Unless your portfolio consists only of energy companies, if you look at the 2022 performance of your stocks, the majority are likely down. Since the start of the year, the three major indexes -- S&P 500, Nasdaq Composite, and Dow Jones -- are down over 23%, 32%, and 16%, respectively (as of October 20).
On one end, bear markets and down periods can present great opportunities for those with time on their side. On the other end, the drop in prices can present a lot of value traps. A value trap is a stock trading at a low price that looks like a good deal but is a bad investment. That's why it's important not to take a stock's value at face value. Instead, use these metrics.
As an investor, the sooner you learn that cheap isn't always a good value, the better. A $500 stock could be undervalued, and a $5 stock overpriced. For example, if a penny stock were priced at $5, it would be considered absurdly high by almost all standards. However, if a stock like Booking Holdings were priced at $500 instead of its current price around $1,775, it might be the deal of the century right now.
You don't want to buy lots of shares because they're "cheap," only to be investing in a failing business. Instead of looking at price alone, investors can use the price-to-earnings (P/E) ratio to help determine whether a stock is undervalued or overvalued. You can find a company's P/E ratio by dividing its current stock price by its earnings per share (EPS). A company's P/E ratio tells you how much you're paying for each $1 of its earnings.
To determine a stock's value, you can't look at its P/E ratio by itself; you need to compare it to similar companies in its industry. Some industries have naturally low P/E ratios (like banking), and some have naturally high P/E ratios (like biotechnology). So it can be misleading to compare companies across industries. If you compare similar companies and notice a company's P/E ratio is lower than the others, it could mean it's undervalued and vice versa.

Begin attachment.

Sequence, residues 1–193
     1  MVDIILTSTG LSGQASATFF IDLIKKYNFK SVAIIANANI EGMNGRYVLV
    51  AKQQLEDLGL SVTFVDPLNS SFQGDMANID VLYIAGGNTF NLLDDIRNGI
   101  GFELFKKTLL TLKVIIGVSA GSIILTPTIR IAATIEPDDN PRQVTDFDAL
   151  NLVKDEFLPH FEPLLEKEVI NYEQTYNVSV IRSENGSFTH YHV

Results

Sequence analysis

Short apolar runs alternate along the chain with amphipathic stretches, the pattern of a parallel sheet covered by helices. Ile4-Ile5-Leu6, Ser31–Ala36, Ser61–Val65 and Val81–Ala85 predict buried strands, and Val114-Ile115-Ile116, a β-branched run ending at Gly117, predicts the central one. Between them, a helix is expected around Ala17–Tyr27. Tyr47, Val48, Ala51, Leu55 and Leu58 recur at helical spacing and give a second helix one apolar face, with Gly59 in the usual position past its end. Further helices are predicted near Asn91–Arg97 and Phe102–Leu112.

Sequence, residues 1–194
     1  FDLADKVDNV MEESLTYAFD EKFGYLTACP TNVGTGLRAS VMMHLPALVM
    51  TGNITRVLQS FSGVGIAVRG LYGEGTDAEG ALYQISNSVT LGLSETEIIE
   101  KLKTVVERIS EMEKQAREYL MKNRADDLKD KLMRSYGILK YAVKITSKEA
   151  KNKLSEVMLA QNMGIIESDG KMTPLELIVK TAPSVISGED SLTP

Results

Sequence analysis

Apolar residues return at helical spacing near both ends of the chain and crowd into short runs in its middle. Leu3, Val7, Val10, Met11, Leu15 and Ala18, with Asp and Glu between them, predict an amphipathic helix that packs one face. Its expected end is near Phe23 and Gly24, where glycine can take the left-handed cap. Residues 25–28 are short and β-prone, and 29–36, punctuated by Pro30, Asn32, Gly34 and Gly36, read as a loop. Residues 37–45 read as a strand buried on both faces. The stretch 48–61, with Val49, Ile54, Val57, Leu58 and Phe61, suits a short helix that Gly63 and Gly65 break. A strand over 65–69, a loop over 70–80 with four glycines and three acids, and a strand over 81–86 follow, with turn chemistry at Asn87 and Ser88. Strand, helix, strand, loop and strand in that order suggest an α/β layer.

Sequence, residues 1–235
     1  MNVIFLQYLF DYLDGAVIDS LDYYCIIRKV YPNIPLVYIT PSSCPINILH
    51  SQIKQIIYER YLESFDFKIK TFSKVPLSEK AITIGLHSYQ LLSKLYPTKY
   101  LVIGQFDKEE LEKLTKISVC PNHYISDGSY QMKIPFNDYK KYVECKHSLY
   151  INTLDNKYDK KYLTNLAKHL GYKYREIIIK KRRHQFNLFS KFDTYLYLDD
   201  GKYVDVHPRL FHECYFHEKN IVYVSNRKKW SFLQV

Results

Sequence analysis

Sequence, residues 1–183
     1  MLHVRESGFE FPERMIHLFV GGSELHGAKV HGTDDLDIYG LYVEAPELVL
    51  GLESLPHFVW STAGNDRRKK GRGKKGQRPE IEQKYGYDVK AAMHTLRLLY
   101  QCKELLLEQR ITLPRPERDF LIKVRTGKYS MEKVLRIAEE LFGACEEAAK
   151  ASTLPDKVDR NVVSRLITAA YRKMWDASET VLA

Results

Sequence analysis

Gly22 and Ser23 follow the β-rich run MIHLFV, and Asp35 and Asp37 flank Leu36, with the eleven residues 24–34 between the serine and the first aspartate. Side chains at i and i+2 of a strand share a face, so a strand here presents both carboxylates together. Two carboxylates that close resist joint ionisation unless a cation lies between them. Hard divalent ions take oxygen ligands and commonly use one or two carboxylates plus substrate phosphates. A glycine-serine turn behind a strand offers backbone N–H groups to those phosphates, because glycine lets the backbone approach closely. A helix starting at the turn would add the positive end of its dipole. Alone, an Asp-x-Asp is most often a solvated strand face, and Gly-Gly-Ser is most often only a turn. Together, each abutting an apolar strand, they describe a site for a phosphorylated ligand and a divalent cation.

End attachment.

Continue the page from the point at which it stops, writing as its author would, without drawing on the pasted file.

When a company declares its dividend for the year, it does so as a dollar amount per share. Because of this, a stock's dividend yield -- found by dividing its yearly dividend by its current stock price -- can often fluctuate. For example, if a company's yearly dividend is $2 and its stock price is $100, its dividend yield would be 2%. If the stock price dropped to $50, the dividend yield would be 4%.
With prices dropping, dividend yields are naturally increasing, leading to dividend traps. A dividend trap is a company with a too-good-to-be-true dividend yield that's unsustainable and likely doesn't warrant the investment.
Instead of just looking at a company's dividend yield, you should look at its payout ratio, which lets you know how much of its earnings it's paying out in dividends. You can find the payout ratio by dividing a company's yearly dividend by its EPS. Generally, you can find these numbers on your brokerage platform (the easier route) or within a company's financial statements.
If a company's payout ratio is more than 100%, it's paying out more than it's bringing in. Which, needless to say, isn't a good thing. A "good" payout ratio is also relative to the industry, but between roughly 30% and 50% is a good starting point. Too low, and it's not quite as shareholder-friendly. Too high, and it could mean it's unsustainable or a company isn't reinvesting enough back into the business.
Use this time to your advantage
With many companies trading at low prices we haven't seen in quite some time, now could be a chance for investors to go discount shopping and grab shares of some great companies. However, it's still important to focus on the fundamentals and not be lured in by low prices or high dividend yields. A low price doesn't mean much if the price goes lower, and a high dividend yield doesn't mean much if you lose way more in value than you earn in payouts.
A couple of extra steps can go a long way.